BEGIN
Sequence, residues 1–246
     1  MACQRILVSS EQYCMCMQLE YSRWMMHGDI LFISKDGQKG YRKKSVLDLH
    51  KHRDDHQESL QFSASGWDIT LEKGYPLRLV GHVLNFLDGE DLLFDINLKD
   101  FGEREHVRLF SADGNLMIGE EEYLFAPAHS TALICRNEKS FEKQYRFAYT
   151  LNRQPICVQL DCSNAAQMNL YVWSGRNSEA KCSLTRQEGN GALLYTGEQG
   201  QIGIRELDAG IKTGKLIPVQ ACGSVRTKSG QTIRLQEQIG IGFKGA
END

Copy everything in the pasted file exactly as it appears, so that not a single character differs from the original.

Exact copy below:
Sequence, residues 1–246
     1  MACQRILVSS EQYCMCMQLE YSRWMMHGDI LFISKDGQKG YRKKSVLDLH
    51  KHRDDHQESL QFSASGWDIT LEKGYPLRLV GHVLNFLDGE DLLFDINLKD
   101  FGEREHVRLF SADGNLMIGE EEYLFAPAHS TALICRNEKS FEKQYRFAYT
   151  LNRQPICVQL DCSNAAQMNL YVWSGRNSEA KCSLTRQEGN GALLYTGEQG
   201  QIGIRELDAG IKTGKLIPVQ ACGSVRTKSG QTIRLQEQIG IGFKGA